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Posts Tagged ‘CNC magazine’

Do you have what it takes to be a TOP-GUN machinist?

Posted by Bert Maes on December 2, 2009

Computer numerical control (CNC) machining makes all manufacturing processes much easier by automating and speeding up the production of the everyday objects we all know.

What does it take to be a CNC specialist?

  • Above all; this is a job for creative minds – creators and makers. People that are willing to produce original, surprising and unusual ideas.
  • Highly creative people tend to be independent, nonconformist and unconventional. They are likely to have wide interests, greater openness to new experiences and a more cognitive flexibility and risk-taking boldness.
  • CNC machining is not as easy as you might think. You will have to acquire considerable expertise. It is often said  that in any chosen domain it takes 10 years of training and effort to fully master the necessary knowledge and skills to produce a work of genius. You can find many examples of genius CNC manufacturing on
  • Working with CNC machines means that you will be dealing with a lot of computer work. You have to be very familiar with computer operations.
  • You have to have knowledge about blueprint reading to know what to program the machine to do. This is because basic design concepts and construction is hinged heavily on blueprints.
  • CAD, blueprint & product specifications must be translated through CAM computer software into a machine-readable format.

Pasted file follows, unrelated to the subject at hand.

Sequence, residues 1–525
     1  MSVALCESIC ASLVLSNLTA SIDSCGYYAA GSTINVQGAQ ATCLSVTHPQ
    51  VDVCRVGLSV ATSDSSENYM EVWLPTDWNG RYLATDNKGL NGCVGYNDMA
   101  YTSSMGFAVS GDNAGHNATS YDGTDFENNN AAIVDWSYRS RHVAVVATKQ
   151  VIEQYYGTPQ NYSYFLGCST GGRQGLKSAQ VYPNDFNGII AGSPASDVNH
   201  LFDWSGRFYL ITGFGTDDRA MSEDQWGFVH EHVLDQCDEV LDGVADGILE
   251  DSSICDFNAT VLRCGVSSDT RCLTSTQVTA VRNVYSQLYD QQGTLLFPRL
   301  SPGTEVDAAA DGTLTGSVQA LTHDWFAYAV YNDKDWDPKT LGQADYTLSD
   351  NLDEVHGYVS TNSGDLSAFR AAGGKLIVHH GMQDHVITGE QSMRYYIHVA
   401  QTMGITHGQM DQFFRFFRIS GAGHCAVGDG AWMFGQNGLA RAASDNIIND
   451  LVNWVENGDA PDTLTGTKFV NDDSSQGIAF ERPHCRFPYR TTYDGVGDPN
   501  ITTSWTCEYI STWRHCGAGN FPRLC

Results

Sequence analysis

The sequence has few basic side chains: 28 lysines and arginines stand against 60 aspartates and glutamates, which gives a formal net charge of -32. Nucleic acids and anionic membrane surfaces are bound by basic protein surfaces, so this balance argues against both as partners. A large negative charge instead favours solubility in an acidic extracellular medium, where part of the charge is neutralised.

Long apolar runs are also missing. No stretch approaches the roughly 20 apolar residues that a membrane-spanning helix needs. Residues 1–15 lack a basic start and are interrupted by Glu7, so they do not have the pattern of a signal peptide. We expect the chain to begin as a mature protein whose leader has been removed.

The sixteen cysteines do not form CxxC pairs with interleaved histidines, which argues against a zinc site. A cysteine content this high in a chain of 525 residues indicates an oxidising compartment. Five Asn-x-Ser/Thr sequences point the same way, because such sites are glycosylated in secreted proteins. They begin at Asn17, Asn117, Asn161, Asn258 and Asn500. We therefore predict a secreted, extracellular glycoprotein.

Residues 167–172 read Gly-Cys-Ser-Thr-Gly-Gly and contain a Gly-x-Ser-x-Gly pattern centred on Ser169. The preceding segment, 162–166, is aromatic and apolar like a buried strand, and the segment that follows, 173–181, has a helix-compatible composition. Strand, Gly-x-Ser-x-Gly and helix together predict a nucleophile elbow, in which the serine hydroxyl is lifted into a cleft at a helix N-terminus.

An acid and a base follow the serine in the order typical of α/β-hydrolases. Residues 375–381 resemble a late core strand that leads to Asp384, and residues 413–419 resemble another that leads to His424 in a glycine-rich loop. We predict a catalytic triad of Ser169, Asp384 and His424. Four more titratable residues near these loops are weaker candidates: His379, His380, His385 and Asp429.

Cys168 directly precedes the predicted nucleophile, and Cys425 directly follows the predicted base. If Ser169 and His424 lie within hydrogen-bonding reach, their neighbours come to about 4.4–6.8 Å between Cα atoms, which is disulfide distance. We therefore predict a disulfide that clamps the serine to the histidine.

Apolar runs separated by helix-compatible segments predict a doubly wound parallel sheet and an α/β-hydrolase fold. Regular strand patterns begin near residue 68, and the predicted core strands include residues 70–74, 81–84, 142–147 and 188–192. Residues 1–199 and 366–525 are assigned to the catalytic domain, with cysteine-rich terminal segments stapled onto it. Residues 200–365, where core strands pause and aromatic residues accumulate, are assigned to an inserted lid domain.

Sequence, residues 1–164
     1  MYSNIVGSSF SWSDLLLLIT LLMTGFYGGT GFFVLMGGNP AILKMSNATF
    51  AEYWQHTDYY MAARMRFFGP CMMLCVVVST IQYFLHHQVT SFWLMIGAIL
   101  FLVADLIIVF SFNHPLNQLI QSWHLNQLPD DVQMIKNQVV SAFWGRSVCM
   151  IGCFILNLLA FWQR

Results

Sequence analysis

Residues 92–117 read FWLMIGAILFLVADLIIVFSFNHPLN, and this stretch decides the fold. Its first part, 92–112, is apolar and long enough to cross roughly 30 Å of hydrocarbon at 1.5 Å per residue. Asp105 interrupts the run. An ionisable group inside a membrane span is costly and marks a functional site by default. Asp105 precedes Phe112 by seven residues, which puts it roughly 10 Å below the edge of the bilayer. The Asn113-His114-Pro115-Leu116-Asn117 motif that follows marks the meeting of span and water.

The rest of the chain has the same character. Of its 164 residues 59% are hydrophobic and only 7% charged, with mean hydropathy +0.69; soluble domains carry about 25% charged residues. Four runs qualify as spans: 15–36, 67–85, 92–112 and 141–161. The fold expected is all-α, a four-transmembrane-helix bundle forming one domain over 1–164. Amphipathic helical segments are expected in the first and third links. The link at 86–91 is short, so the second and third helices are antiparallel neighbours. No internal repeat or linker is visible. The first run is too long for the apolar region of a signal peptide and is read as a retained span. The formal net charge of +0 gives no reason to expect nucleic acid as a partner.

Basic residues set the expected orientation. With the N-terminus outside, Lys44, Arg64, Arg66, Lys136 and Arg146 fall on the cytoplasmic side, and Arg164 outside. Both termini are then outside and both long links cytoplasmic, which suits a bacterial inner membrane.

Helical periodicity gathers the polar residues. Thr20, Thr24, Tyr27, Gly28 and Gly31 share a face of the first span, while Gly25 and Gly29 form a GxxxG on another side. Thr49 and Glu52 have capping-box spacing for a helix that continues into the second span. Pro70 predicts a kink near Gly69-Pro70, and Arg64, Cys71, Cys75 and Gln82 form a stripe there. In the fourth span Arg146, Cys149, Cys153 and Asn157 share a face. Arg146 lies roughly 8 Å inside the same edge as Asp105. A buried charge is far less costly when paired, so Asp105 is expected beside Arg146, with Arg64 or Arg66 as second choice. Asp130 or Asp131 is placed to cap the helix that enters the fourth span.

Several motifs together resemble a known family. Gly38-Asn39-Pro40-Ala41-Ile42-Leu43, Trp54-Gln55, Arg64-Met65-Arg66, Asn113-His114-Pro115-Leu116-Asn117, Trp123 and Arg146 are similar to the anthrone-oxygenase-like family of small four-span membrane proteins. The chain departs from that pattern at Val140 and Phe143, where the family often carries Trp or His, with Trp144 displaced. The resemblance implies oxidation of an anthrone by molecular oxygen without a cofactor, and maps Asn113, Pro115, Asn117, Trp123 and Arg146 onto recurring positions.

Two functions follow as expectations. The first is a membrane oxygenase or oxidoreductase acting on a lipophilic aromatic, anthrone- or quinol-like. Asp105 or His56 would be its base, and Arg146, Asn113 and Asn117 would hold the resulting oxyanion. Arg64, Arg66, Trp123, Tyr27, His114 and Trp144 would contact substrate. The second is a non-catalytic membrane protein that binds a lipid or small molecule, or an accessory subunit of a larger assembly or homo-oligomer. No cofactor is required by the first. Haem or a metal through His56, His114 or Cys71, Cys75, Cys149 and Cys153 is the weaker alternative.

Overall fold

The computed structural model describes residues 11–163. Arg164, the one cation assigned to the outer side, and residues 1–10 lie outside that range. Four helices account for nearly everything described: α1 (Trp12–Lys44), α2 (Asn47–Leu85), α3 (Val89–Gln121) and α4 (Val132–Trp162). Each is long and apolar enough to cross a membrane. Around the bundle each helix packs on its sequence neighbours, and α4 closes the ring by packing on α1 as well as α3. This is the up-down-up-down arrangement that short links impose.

• CNC machines only understand commands in a specific programming language, so you will have to learn so called “G-codes” in depth.
  • You will have to be very familiar with machining operations: Which machine tools are for which job? How fast can the machine work? What is the rate of feed for the machine? What is the depth of the cut needed for the operation? How do I measure that? What are the right tools and cutting sequences, with efficiency and safety in mind? How should I install the most solid workpiece clamping and positioning solution? What is the best coolant and lubrication mix and how should I regulate and adjust the flow to material needs?
  • You must be able to interpret data in the program output stack, comparing test results with design specifications
  • In case of any glitch, you will need to learn to perform programming edits and restructure the program quickly.
  • You will have to control and prevent damage to tools, materials, or machinery during the production cycle.
  • Of course cleaning and removing any waste material in a safe manner is part of the job.

Last, but not least: salaries are very negotiable: companies take care of their CNC specialists as there is always a shortage of skilled enough people to take hold of the position. In Europe, people on manufacturing earn 9% more than others…

The benefits are solid. Think about this career. Check and for the best CNC schools.

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[Video] How quality knives are actually produced

Posted by Bert Maes on November 16, 2009

Kevin Wilkins is one of the best custom-made knife makers in the world.

gd7_09He shows on his website that the creation of these everyday useful objects in the most effective and efficient way all comes down to four (4) things:

  1. Designing a computer CAD/CAM blue print of the object you want to make.
  2. Selecting the right metal, aluminium or other material.
  3. Learning how to program and handle precision cutting CNC machines.
  4. And lots of passion and creativity.


To read more in ENGLISH:  CNC Magazine 3D EBook: “The Art of Steel by Matt Bailey

ht_cher_1To see more on the production of Wilkins Knives [in GERMAN]:

To learn where to study CNC machining:


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